Thursday, February 25, 2010

Charges Filed in Katrina Inquiry

Charges Filed in Katrina Inquiry


By Campbell Robertson

New York Times

February 24, 2010


NEW ORLEANS - On Sept. 4, 2005, with floodwaters of

Hurricane Katrina still standing in much of the city,

Lt. Michael J. Lohman of the New Orleans Police

Department arrived at the Danziger Bridge in eastern

New Orleans. A group of police officers had rushed

there just ahead of him in response to a radio call for assistance.


At the bridge, Lieutenant Lohman found that six

civilians had been shot by police officers, two

fatally. None of them had weapons.


Almost immediately, federal authorities said Wednesday

in a blistering series of accusations, he and the other

officers began to plot a cover-up, planting a gun near

the site to make the shootings appear justified.


That action led to Lieutenant Lohman's appearance in a

federal courtroom on Wednesday afternoon, where he

pleaded guilty to one count of conspiring to obstruct

justice. It is the first charge in a wide-ranging

inquiry into police misconduct that led to civilian

deaths in the chaotic days after Hurricane Katrina, and

it is unlikely to be the last.


"Know this," Jim Letten, the United States attorney for

the Eastern District of Louisiana, said to reporters

after the hearing. "The investigation continues. It is ongoing."


It is also not the only federal investigation into

civilian deaths caused by the police force in the days

after the hurricane. The fact that the accusations go

beyond the shooting to a larger cover-up "is really

indicative of a systemic integrity issue," said Rafael

C. Goyeneche III, a former New Orleans prosecutor who

is the president of the Metropolitan Crime Commission,

a watchdog group. "It's going to rock the Police

Department to the core."


A spokeswoman for the Police Department declined to comment.


The bill of information, which contains charges but is

not an indictment, and was unsealed Wednesday, is the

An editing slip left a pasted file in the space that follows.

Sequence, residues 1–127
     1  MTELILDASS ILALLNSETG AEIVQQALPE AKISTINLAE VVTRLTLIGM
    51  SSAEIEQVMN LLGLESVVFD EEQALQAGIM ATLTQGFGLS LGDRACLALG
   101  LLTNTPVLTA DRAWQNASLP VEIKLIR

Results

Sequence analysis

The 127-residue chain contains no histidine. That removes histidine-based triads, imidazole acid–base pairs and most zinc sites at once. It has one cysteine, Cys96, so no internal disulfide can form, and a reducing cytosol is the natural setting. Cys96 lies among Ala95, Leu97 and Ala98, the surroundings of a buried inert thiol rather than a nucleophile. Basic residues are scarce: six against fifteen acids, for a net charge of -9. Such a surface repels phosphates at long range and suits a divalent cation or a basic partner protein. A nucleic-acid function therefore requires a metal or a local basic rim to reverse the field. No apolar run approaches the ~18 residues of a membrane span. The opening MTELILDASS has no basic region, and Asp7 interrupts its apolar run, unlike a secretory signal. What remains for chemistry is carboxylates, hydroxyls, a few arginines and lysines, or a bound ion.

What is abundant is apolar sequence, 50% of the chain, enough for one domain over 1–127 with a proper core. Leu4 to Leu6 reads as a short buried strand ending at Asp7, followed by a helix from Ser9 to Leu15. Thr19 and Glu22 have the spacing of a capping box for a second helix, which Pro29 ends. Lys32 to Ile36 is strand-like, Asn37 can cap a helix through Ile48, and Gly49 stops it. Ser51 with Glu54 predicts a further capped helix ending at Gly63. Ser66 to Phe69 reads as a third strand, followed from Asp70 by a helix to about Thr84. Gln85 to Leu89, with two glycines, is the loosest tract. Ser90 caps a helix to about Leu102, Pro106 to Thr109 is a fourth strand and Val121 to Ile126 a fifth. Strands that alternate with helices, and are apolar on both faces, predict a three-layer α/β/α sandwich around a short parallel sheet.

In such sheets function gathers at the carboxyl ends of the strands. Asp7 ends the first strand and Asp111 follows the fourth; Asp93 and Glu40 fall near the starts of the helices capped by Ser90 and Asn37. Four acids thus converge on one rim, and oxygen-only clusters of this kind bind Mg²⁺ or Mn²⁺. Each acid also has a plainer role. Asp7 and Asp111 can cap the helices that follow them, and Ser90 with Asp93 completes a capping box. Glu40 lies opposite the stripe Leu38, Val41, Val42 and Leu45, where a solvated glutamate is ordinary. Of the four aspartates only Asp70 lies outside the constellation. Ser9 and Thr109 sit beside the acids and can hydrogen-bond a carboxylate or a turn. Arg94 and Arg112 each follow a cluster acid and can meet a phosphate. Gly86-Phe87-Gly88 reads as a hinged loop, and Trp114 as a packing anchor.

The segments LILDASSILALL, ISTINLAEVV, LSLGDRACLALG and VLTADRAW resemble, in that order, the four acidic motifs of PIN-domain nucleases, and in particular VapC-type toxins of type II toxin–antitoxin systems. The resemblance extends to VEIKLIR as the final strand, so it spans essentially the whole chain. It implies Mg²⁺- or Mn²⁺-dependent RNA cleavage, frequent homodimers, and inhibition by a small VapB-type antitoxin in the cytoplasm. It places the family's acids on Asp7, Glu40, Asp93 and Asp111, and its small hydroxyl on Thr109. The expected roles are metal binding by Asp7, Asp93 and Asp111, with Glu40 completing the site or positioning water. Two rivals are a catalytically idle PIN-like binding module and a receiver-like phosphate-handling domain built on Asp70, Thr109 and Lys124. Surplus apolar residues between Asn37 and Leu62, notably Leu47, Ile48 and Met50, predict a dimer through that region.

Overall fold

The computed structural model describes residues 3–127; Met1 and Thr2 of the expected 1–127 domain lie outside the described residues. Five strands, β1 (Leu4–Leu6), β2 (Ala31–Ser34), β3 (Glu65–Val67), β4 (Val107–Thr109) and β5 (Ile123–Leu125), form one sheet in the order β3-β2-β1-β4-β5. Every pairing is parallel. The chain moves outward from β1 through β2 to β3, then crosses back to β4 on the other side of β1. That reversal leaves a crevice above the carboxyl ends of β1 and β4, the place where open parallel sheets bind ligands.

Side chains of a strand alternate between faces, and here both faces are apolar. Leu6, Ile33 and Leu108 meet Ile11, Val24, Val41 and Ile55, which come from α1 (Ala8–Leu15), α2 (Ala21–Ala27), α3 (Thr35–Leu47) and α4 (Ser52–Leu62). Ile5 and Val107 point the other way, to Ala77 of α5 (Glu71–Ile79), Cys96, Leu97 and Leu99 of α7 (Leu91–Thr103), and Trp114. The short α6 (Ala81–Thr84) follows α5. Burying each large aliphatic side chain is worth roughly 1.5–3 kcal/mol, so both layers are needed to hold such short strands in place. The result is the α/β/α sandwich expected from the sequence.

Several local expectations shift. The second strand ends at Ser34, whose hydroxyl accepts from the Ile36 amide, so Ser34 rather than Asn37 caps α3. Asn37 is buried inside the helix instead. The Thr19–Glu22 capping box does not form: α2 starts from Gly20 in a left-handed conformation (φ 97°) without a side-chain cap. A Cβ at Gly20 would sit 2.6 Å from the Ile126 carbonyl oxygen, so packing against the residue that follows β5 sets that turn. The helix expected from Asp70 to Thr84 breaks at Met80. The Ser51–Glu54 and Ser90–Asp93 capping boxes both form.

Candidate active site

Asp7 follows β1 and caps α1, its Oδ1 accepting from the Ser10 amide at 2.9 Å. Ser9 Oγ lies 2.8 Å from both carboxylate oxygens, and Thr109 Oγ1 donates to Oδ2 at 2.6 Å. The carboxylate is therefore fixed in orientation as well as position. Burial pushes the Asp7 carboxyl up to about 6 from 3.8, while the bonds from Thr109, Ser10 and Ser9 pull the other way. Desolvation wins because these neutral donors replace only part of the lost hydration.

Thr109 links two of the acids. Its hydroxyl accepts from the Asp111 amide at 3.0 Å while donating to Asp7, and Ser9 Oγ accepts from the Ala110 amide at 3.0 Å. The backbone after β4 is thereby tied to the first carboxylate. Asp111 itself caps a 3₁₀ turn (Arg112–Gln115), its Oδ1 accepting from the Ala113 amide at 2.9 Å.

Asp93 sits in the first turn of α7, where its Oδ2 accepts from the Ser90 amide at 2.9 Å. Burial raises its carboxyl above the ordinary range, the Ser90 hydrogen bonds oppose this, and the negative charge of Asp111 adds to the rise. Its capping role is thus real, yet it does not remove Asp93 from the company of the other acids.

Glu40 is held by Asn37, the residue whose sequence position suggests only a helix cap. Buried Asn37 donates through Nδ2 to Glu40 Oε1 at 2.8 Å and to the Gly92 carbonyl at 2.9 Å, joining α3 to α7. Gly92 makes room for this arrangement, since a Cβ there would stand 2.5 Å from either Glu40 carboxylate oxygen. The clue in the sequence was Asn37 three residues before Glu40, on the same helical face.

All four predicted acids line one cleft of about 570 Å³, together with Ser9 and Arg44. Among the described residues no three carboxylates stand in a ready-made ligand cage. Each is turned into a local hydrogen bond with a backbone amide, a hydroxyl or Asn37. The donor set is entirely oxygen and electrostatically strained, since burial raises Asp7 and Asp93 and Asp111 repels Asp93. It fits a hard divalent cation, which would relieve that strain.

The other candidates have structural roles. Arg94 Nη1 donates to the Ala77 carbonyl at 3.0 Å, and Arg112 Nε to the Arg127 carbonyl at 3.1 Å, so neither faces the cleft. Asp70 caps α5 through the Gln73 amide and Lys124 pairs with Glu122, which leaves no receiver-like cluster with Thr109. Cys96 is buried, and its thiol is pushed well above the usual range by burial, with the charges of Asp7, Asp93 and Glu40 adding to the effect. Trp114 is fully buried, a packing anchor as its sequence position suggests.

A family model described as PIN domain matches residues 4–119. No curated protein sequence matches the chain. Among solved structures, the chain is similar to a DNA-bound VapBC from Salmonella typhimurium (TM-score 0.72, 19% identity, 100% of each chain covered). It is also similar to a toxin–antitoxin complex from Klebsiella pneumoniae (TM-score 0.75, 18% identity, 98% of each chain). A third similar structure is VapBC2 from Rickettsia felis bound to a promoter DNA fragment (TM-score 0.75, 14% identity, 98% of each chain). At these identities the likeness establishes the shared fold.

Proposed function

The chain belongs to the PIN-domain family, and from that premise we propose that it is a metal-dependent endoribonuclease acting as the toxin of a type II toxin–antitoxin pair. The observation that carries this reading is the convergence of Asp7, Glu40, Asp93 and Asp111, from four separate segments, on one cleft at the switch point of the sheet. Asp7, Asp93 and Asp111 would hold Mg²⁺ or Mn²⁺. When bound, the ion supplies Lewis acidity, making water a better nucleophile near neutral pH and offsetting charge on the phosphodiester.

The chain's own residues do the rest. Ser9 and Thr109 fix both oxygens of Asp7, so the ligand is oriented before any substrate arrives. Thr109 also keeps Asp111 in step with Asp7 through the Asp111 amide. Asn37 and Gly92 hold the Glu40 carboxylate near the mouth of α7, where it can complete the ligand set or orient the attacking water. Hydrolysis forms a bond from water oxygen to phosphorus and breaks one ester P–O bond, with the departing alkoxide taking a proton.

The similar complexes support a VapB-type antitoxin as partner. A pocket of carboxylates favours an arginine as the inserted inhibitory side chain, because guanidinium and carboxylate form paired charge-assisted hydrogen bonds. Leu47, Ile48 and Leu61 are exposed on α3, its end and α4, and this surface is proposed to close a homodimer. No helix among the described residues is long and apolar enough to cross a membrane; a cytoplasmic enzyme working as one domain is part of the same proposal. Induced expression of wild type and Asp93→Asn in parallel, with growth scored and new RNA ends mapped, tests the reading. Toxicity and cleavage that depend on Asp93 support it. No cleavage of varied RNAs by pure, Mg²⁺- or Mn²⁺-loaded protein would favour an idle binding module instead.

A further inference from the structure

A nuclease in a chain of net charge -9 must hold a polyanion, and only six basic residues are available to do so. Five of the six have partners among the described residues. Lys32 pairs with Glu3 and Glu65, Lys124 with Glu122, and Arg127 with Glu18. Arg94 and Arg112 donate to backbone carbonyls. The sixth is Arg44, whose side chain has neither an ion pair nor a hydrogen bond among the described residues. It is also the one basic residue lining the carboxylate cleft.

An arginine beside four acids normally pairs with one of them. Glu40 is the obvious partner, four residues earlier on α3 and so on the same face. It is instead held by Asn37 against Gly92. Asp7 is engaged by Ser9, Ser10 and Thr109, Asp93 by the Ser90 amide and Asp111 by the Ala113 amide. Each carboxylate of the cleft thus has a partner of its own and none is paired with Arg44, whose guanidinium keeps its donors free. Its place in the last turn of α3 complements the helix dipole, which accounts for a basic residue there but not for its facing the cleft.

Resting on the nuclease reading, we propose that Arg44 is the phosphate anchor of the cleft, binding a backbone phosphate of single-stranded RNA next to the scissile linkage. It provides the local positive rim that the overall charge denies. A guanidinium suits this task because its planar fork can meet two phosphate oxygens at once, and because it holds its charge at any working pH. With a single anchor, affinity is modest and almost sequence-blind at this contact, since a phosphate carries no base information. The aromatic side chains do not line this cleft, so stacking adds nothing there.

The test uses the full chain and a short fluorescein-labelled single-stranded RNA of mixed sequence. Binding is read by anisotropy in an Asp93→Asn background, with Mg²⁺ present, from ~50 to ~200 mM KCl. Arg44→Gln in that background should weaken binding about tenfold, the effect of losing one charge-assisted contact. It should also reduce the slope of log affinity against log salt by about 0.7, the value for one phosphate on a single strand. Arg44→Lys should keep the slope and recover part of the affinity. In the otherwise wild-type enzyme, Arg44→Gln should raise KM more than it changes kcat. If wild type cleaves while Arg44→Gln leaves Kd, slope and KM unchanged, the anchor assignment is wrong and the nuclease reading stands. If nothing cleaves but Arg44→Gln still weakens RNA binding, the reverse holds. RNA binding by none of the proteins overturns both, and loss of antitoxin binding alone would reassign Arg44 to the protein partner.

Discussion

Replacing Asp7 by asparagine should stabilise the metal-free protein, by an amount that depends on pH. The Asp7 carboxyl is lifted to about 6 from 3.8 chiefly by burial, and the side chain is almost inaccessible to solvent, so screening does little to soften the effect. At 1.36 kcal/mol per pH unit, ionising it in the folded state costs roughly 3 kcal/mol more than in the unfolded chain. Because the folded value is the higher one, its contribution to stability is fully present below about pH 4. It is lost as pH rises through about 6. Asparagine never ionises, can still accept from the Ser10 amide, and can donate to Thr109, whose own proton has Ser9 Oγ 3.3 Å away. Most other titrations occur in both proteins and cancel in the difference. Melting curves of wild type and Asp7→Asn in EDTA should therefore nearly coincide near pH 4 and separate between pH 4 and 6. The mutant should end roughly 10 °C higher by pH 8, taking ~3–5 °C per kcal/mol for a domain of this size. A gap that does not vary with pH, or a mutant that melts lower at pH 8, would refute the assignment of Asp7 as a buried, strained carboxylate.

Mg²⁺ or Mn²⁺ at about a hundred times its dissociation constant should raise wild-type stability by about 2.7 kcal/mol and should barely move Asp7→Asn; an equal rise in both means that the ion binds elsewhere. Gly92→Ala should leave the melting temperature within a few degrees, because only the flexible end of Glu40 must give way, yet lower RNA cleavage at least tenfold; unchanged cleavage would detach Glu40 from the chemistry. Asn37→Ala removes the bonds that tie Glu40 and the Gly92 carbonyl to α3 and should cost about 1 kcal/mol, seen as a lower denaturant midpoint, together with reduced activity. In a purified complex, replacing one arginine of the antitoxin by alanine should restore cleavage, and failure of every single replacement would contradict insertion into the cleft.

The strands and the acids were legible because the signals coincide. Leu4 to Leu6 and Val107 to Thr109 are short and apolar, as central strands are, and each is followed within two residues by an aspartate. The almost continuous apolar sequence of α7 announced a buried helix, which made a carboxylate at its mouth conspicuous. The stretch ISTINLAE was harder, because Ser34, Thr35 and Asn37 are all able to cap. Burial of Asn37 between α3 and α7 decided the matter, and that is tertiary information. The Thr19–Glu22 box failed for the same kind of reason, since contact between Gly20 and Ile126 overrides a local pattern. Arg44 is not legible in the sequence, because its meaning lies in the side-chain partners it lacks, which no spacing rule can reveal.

clearest picture yet of the federal investigation into

the Danziger Bridge shootings.


The documents filed by the authorities said that five

of the civilians had been walking to get food and

supplies, and that the other two were on their way to a

family member's dentistry office when they were fired

upon by police officers. Four were seriously injured.


James Brissette, 19, and Ronald Madison, who was 40 and

mentally disabled, were killed. Mr. Madison's brother

Lance, who was in the courtroom on Wednesday, was

arrested and charged with eight counts of attempted

murder in trumped-up charges related to the cover-up,

but was later cleared.


Lieutenant Lohman, 42 and now retired, concluded

shortly after arriving on the scene that the shooting

was "legally unjustified," federal authorities said. He

encouraged the officers to "come up with a plausible

story" that would allow him to conclude that the

shooting was justified, the authorities said.


When another police investigator told Lieutenant Lohman

that he was going to plant a gun under the bridge to

bolster the story that the officers were being fired

at, Lieutenant Lohman went along, and even asked if the

gun was traceable, the authorities said.


At the encouragement of Lieutenant Lohman, the officers

who were involved made up details, the authorities

said, like a claim that one victim had reached for a

"shiny object" in his waistband.


At one point, according to the documents, Mr. Lohman

was frustrated that the cover-up story in the report,

which was drafted by a police sergeant, "was not

logical," so he drew up one of his own, which broadly

changed details to fit the false story. The sergeant

later replaced that report with a shorter one that was

changed to fit the audiotaped statements of the police

who were involved.


That sergeant is unnamed by the authorities, but the

police report is signed by Sgt. Arthur Kaufman, who was

assigned to investigate the Danziger shooting. He

prepared a supplemental report later with another

police sergeant, which was widely criticized.


Sergeant Kaufman and at least one other officer, who

was directly involved in the shooting, have received

letters informing them that they are targets in the

investigation, their lawyers acknowledged.


Lieutenant Lohman faces up to five years in prison, but

Mr. Letten said the officer had been cooperating with

the authorities, an indication that charges against

others might be coming.


In 2006, the seven officers who were directly involved

in the shooting were charged with murder and attempted

murder, but the charges were dismissed in late 2008 by

a judge who cited improprieties in the handling of the

case. The United States Attorney's Office, along with

the F.B.I. and the civil rights division of the Justice

Department, picked the case up soon afterward.


During the federal investigation throughout 2009,

dozens of police officers testified before grand

juries, federal agents seized files from the police

homicide division, and the Danziger Bridge was shut

down for hours as agents looked for evidence.


Several other cases are under investigation by the

federal authorities, including the shooting death of

31-year-old Henry Glover, whose remains were eventually

discovered in a burned car parked behind a police

station in the Algiers section of New Orleans. That

case was brought to the attention of the authorities by

an article that appeared in The Nation magazine in

December 2008 and on the Web site


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